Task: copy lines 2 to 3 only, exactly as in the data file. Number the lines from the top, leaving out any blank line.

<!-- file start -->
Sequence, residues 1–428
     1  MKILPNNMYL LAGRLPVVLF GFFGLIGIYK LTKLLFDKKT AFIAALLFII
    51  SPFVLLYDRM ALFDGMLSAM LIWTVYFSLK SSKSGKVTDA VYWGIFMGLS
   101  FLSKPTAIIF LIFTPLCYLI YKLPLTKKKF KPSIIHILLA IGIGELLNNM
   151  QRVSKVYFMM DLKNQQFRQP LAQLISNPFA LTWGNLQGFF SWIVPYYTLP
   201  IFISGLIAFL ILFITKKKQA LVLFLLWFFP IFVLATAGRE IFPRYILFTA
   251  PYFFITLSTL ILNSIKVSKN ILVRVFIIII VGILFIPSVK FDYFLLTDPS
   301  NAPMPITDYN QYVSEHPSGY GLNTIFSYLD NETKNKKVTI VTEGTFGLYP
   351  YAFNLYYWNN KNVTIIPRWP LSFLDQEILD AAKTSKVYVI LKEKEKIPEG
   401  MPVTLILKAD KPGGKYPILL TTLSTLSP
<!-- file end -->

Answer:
     1  MKILPNNMYL LAGRLPVVLF GFFGLIGIYK LTKLLFDKKT AFIAALLFII
    51  SPFVLLYDRM ALFDGMLSAM LIWTVYFSLK SSKSGKVTDA VYWGIFMGLS